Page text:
Since we all agree on a definition of CI, unlike so many others if you remember what James found here:

    then there is no need to talk so much about the ideas that infuse our work and focus more on what we do on a daily basis in our classrooms.

  3. Whatever interface position you take– and Krashen has to the best of my knowledge modified his no-interface position– one thing remains clear: comprehensible input, and a ton of it, trumps everything else by a mile. It simply doesn’t matter how much talking, grammar practice, grammar lectures etc students get– none of this is worth anything without a ton of comprehensible input.

    One of the problems with any interface position is that nobody can explain the mechanism.

    Eg I teach my kids how to conjugate the -ar verb “jugar” (to play) and then I get them to make sentences in speech and writing, and I ask my class what these sentences mean, and I fix– orally or on board– the wrong conjugations. Then we do some nice fun worksheets involving reading and writing. And eventually lo and behold the kids can use “jugar” in sentences and recognise its various forms.

    Now, here is the problem: why exactly are they acquiring? You could equally plausibly explain acquisition– in this case– as a result of comprehensible input OR as explicit->implicit acquisition. Are the grammar explanations and practice turning into acquisition? Or is it the fact that the kids are hearing and reading various versions of “jugar” that they *understand*? Or is it both?

    The point is that we will never really know…because it is impossible to “purely” separate the effects of explicit grammar instruction from C.I. ANY grammar instruction is by definition also C.I.

    In terms of research, we have short term and weak results for explicit grammar instruction. We have MASSIVE gains coming from FVR in target language, and from good, SSM and all-necessary-grammar c.i. The result is clear: loads of c.i., plus grammar explanations for the curious, is best practice.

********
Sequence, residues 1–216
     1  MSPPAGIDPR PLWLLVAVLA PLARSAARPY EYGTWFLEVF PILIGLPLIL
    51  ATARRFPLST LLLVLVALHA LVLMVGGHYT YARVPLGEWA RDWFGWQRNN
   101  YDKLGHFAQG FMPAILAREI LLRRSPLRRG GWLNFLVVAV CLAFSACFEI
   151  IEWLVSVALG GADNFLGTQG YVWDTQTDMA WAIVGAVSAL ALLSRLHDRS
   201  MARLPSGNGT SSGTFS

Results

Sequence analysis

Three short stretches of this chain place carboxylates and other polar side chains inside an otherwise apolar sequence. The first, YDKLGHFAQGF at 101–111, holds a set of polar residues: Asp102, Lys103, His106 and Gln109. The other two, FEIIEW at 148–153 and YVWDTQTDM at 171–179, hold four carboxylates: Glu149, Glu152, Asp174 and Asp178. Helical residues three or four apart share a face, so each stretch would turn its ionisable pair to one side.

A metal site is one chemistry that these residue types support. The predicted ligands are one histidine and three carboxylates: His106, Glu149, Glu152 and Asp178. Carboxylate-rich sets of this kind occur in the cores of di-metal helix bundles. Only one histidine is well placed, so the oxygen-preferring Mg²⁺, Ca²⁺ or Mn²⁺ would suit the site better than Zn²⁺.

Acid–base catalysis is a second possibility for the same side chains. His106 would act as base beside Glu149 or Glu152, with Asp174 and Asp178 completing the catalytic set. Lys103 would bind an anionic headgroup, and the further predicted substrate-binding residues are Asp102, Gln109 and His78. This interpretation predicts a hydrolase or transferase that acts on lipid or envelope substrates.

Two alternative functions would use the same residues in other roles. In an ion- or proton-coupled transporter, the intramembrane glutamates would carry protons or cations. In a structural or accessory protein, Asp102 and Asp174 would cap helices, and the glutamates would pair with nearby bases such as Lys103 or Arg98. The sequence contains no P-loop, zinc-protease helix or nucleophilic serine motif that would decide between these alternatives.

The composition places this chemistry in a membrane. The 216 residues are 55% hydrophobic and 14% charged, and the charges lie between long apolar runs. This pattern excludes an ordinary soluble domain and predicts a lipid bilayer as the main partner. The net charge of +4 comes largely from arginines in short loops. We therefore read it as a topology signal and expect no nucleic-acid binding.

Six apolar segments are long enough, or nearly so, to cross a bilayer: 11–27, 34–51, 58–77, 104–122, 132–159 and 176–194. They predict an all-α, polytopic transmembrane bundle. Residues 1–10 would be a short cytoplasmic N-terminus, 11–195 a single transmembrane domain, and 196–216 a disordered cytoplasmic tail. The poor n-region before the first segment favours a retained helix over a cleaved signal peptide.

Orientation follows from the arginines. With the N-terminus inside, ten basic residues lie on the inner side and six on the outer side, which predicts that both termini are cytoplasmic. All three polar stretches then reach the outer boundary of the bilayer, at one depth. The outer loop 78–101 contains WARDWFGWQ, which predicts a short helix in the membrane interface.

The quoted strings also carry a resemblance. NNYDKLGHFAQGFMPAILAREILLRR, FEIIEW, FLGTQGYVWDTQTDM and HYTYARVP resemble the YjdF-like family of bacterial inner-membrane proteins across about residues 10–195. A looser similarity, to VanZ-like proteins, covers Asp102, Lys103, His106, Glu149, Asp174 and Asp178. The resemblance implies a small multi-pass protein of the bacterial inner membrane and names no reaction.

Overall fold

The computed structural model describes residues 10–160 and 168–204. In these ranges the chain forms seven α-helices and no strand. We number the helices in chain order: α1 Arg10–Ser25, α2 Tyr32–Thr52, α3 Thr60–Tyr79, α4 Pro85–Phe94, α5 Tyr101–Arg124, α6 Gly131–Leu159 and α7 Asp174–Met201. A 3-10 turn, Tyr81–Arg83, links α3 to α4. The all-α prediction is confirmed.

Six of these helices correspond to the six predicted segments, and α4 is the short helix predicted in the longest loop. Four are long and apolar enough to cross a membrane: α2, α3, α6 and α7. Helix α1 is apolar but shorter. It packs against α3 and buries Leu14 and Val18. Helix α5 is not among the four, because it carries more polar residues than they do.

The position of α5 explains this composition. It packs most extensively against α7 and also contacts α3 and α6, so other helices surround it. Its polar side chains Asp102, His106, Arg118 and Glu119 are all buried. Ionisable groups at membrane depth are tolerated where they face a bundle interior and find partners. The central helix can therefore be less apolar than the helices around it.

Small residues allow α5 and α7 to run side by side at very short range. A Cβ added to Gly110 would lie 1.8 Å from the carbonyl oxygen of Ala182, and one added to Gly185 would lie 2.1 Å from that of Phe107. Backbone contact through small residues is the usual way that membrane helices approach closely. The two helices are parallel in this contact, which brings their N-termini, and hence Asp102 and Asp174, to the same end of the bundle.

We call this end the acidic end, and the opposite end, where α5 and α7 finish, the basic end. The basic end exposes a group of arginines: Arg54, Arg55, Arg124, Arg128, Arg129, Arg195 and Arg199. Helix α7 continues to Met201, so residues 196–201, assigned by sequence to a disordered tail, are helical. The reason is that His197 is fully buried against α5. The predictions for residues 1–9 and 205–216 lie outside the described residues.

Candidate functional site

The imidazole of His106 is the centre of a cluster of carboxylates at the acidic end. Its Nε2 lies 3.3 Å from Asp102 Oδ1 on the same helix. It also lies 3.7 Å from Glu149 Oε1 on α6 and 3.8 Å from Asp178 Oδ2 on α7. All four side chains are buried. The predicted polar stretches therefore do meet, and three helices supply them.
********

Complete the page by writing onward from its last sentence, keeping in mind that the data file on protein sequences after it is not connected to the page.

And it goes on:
1. Chris said:

      …ANY grammar instruction is by definition also C.I….

      I don’t define CI in that way. Maybe we need a definition. To me, CI is a process that happens when the conscious mind of the learner is not involved, and the unconscious mind is fully involved, in listening to or in reading the language.

      In this definition, the conscious mind is involved in maybe 1% or 2% of the process, when the language is a second language, and the unconscious mind churns along at 98%+, providing wave after wave of input that puts the learner’s focus entirely on the meaning of the language and only minimally on its form.

      Doing this drives the language so far down into the deeper mind that the deeper mind, which alone is the place where language happens, is not bothered by the petty and invasive hassling of the conscious mind, and, safe from all bother, it happily (because the learner feels as if she is learning) builds a strong and secure language system, without any help except the constant input.

      And that process, the one described in the previous two paragraph, is exactly what does not happen in school settings, which explains why any teacher who doesn’t use the kind of CI described above is kind of a dumb ass, in my opinion.